An age-related decline in circulating testosterone levels has been shown to occur in the adult male population starting as early as middle age and continuing on into old age. This decline in testosterone has been associated with a number of changes in body composition and sexual performance in the male that are directly attributable to an androgen deficiency state, which can be restored by the use of testosterone replacement therapy. The term 'andropause' has been used to describe this gradual drop in testosterone in the ageing male and is characterised by different endocrine, somatic and psychic changes that become more pronounced as the male gets older. For some males, the adjustment of circulating testosterone levels with replacement therapy to levels seen in young men can improve physical performance, induce a sense of well-being and restore the androgen-dependent sex drive that declines with ageing.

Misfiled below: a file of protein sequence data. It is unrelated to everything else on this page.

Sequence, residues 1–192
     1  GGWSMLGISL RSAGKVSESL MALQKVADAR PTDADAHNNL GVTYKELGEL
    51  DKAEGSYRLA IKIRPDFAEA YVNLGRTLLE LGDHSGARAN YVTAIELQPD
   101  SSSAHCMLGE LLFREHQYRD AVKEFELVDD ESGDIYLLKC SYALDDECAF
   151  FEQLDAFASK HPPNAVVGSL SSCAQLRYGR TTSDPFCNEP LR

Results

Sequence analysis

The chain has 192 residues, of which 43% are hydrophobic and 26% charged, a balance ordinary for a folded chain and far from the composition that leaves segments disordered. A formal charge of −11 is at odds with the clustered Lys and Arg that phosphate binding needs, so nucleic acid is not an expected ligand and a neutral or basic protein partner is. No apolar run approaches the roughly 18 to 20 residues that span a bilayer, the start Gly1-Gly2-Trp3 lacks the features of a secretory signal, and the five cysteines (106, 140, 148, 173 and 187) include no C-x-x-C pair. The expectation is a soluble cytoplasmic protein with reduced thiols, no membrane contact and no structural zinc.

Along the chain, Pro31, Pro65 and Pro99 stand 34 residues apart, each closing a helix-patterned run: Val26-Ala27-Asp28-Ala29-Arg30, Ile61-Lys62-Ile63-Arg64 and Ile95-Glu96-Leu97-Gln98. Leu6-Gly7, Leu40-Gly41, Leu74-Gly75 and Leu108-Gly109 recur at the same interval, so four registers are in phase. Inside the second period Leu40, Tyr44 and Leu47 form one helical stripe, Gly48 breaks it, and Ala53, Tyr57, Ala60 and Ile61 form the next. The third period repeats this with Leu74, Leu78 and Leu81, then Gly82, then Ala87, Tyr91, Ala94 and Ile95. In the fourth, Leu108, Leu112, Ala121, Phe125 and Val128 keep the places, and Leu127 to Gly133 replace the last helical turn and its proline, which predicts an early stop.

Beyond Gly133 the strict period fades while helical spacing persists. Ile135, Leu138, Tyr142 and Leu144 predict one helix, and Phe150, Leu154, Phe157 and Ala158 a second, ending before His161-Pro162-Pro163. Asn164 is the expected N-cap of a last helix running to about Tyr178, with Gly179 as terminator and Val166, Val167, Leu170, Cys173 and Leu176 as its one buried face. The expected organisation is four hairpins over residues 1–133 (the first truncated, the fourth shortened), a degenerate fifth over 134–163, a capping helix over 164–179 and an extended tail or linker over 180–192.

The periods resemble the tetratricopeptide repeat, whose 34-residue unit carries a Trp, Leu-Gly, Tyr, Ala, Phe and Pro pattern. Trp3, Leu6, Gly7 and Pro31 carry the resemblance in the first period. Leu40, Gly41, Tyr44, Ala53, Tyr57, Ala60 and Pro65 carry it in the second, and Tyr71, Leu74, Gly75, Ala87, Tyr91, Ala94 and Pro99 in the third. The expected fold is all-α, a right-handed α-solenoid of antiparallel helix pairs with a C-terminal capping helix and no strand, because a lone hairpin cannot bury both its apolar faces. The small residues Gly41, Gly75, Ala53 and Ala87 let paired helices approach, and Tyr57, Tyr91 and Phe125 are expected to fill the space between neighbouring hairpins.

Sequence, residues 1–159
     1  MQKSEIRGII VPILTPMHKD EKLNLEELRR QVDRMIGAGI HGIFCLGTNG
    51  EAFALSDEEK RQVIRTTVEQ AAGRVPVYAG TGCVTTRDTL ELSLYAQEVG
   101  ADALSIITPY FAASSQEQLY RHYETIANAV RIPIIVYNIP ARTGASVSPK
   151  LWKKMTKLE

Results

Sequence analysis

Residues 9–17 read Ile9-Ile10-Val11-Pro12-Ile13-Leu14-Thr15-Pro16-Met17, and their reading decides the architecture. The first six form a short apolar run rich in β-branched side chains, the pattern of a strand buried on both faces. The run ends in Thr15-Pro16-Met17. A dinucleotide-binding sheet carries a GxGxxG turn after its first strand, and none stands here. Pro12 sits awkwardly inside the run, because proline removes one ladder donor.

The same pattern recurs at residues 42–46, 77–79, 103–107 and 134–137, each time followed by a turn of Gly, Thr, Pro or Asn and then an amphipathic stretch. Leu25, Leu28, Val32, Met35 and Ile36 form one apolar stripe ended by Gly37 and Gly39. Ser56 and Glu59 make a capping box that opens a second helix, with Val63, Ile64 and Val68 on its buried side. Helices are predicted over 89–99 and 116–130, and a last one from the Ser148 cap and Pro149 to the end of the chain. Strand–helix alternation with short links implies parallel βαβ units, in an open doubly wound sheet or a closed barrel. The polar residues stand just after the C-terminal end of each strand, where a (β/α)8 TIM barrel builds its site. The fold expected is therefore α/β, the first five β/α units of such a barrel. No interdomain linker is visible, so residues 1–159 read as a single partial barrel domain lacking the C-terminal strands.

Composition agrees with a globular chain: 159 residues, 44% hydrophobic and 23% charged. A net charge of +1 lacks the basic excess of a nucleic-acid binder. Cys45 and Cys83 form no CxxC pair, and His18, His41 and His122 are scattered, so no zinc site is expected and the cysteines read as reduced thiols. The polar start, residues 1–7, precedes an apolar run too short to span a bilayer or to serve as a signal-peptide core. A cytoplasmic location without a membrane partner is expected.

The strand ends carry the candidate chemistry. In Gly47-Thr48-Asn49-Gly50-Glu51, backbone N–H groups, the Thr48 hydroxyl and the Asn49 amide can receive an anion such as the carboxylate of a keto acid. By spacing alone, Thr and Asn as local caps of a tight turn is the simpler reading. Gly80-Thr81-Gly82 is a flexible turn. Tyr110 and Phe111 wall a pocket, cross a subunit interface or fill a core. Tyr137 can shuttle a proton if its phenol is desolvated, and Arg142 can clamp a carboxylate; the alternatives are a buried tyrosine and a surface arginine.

|Original language||English (US)|
|Number of pages||8|
|Journal||Expert Opinion on Pharmacotherapy|
|State||Published - Feb 1 2003|
All Science Journal Classification (ASJC) codes
- Pharmacology (medical)